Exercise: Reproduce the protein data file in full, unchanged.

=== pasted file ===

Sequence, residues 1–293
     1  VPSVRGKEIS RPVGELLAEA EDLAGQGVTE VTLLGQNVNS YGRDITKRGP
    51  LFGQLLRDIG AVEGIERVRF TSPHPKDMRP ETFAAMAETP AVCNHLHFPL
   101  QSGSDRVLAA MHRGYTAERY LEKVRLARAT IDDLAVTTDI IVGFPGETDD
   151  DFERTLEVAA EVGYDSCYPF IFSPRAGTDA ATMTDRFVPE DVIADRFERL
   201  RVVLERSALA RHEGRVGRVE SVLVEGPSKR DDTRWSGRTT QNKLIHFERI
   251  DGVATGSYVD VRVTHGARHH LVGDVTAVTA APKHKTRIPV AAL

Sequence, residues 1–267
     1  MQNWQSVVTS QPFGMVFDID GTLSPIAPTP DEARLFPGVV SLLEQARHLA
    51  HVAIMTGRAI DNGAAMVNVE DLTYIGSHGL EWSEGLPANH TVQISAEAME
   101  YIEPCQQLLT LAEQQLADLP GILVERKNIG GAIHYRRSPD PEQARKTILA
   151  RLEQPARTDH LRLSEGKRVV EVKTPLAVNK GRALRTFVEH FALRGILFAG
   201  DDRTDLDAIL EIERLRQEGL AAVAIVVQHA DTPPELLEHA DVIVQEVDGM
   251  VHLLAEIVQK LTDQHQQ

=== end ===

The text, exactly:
Sequence, residues 1–293
     1  VPSVRGKEIS RPVGELLAEA EDLAGQGVTE VTLLGQNVNS YGRDITKRGP
    51  LFGQLLRDIG AVEGIERVRF TSPHPKDMRP ETFAAMAETP AVCNHLHFPL
   101  QSGSDRVLAA MHRGYTAERY LEKVRLARAT IDDLAVTTDI IVGFPGETDD
   151  DFERTLEVAA EVGYDSCYPF IFSPRAGTDA ATMTDRFVPE DVIADRFERL
   201  RVVLERSALA RHEGRVGRVE SVLVEGPSKR DDTRWSGRTT QNKLIHFERI
   251  DGVATGSYVD VRVTHGARHH LVGDVTAVTA APKHKTRIPV AAL

Sequence, residues 1–267
     1  MQNWQSVVTS QPFGMVFDID GTLSPIAPTP DEARLFPGVV SLLEQARHLA
    51  HVAIMTGRAI DNGAAMVNVE DLTYIGSHGL EWSEGLPANH TVQISAEAME
   101  YIEPCQQLLT LAEQQLADLP GILVERKNIG GAIHYRRSPD PEQARKTILA
   151  RLEQPARTDH LRLSEGKRVV EVKTPLAVNK GRALRTFVEH FALRGILFAG
   201  DDRTDLDAIL EIERLRQEGL AAVAIVVQHA DTPPELLEHA DVIVQEVDGM
   251  VHLLAEIVQK LTDQHQQ